The first day I saw Daisy, she bonded with me instantly. She would not take her eyes off me, and when I was finally able to adopt her, she never left my side. I had known her in a past lifetime, which is why she had such strong connection with me. Because Daisy loved me so much, Daphne was jealous of her, and when Daisy came down with cancer, Daphne picked on her and tried to beat her up on several occasions. Trip her trigger and Daphne went from lovey dovey to fighting demon.
I had Daphne at the time when I was caring for and feeding the black bears. I had a chat with Pandar who I fed next to the barn. I told him that I would provide food, shelter and water for him in exchange for a promise not to hurt my dogs. I told him about Daphne, in particular, being a bit bossy. A few days later, I let Daphne out to tinkle, and I could tell from the way she was sniffing the air that I had made a mistake. Sure enough, Daphne took off like a rocket for the barn and I was in hot pursuit. By the time I rounded the corner to the barn, I saw Pandar lying down eating birdseed and Daphne trying to intimidate him with her barking. He looked at me and with his right paw, in slow motion, pushed Daphne aside and continued eating his lunch. From that day on bossy little Daphne respected the bears.
I had to release Daisy because she had brain cancer, and a couple of years later, Dylan followed. When Daphne lost Dylan, she fell into a deep depression until I adopted Fraiser. Daphne died of a stroke in 1998. In 1999, I purchased three dogs, Lily, Beasley and Mirabella to keep Fraiser company.
I had to drive to Vermont to pick up Walter from a Humane Society. When he saw me, he couldn't wait to leave the shelter. Jan, the Boxer Rescue lady, told me about Walter and how he was deaf. On my drive to Vermont, I sent Walter some loving thoughts, so by the time I arrived at the shelter, he was waiting for me. He jumped in my car and sat in the front seat. I was supposed to deliver him to someone in Concord who was going to relay him to Boston. The woman I met in Concord had no experience with dogs at all, and when I told her that Walter was deaf, she started yelling at him. Okay, I said.....this isn't going to work out. You can't yell at a deaf dog, you have to establish sign language. I called Boxer Rescue and told Jan that under no circumstances was I going to leave Walter with this woman. I took Walter home and he lived with us for about a month until Jan found the perfect home with Joey and Diana who had several Boxers and knew how to communicate with deaf dogs. They changed Walter's name to Waldo because he was a goof ball. He lived a long and very comfortable life in Massachusetts.
Gracie and Bianca.
Bianca was rescued from a shelter in Ohio. She was scheduled to be euthanized because no one wanted her.
When Jan, the Boxer Rescue lady, heard about this, she called me and asked me to foster her until she could find the right home - someone who wanted a deaf dog. Bianca was relayed from Ohio to Vermont where I picked her up and brought her to my house.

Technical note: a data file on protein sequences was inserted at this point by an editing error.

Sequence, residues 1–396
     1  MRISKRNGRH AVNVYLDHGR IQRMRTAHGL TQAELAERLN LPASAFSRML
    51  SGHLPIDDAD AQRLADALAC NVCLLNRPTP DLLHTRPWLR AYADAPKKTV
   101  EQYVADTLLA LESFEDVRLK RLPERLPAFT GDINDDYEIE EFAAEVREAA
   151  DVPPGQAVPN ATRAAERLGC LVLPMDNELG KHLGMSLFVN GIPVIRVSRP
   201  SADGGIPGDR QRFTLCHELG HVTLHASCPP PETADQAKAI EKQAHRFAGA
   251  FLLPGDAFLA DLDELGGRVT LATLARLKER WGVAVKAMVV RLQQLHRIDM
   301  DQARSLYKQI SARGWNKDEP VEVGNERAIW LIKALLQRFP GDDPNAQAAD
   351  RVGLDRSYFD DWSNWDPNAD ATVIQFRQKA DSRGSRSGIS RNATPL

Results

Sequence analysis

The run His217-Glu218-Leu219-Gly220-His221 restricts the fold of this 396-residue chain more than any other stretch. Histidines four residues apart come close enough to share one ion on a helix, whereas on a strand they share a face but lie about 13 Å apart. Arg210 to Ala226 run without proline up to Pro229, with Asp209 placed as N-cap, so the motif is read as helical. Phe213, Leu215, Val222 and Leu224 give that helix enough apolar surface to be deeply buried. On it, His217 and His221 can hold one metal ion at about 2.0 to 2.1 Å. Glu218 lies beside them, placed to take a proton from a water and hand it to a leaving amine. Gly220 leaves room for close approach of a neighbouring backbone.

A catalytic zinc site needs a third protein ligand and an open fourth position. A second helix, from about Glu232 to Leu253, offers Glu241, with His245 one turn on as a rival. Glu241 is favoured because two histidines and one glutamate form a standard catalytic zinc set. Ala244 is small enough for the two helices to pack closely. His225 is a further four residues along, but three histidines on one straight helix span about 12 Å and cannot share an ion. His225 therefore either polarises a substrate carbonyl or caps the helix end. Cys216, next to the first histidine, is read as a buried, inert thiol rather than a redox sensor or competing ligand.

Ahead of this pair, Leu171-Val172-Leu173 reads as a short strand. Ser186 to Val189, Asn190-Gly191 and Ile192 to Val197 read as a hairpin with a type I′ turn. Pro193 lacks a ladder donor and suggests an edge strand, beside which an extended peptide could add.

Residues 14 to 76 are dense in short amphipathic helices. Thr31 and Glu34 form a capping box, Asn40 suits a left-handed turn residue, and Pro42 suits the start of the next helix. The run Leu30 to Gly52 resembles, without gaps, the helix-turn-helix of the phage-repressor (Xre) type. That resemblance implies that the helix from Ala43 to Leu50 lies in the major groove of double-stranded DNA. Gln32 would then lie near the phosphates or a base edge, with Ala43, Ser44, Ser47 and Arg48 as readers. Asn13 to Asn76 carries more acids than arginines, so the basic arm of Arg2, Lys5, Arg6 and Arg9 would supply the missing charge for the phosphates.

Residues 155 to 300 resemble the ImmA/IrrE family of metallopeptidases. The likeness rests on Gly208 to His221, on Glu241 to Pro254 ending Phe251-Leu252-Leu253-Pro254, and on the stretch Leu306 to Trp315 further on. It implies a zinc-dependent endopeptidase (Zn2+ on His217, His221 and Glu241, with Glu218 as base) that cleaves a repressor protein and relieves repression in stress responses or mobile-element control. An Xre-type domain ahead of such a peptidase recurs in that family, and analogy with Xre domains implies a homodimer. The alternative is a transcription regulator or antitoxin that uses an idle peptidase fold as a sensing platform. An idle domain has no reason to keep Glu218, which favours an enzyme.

She fit in beautifully with the other dogs and I was able relate to her without a problem, so I kept her. Jan asked that I never let her off lease because she was deaf, but I wanted to treat Bianca like the other dogs and let her run free. We would go for daily walks, and whenever it was time to turn around and go home, she was always the first one to do so.
It happens all the time- whenever I rescue a dog, they never let me out of their sight for fear of losing me and their new life.
I rescued Dorito a few weeks ago. He's a two year old Himalayan cat who was surrendered because his owner was allergic to him. It is amazing to me that people will pay from six hundred to one thousand dollars for a cat and then surrender it. Dorito's eyes weep. I wipe them twice a day and they are getting better. He is one of the sweetest cats I have ever had. Normally, when I rescue a cat, he or she hides for about a week. This little guy hid for a day and that was it - he found my lap.
Contrary to what people may think, chickens are pretty smart. Every night, I would check my chickens before I went to bed, and on one particular cold evening, I found a Rhode Island Hen half frozen. Somehow, she had broken her leg and was unable to move around to keep warm. I picked her up and wrapped her in my fleece jacket and took her to the house to defrost. I held her next to me so that my body heat would keep her warm. She started perking up,and when she was conscious, I placed her in a dog crate on the radiant floor. The next morning she was talking up a storm. I named her Evelyn. She stayed in the house for a month until her leg healed. She always had a limp and everyday, when she saw me, she would run over to me yakking all the way. I would pick her up and walk around with her.....she was such a neat hen. I have found that the best layers are Rhode Island Red and Barred Rocks. Most of my hens are between six and eight years old, and occassionally, I get an egg or two a day. They have served me well and now it is the time to serve them. My hens and roosters never end up in a soup pot.
Gabby weighing in at 4 pounds.
George and Gigi came from Massachusetts in July 2015.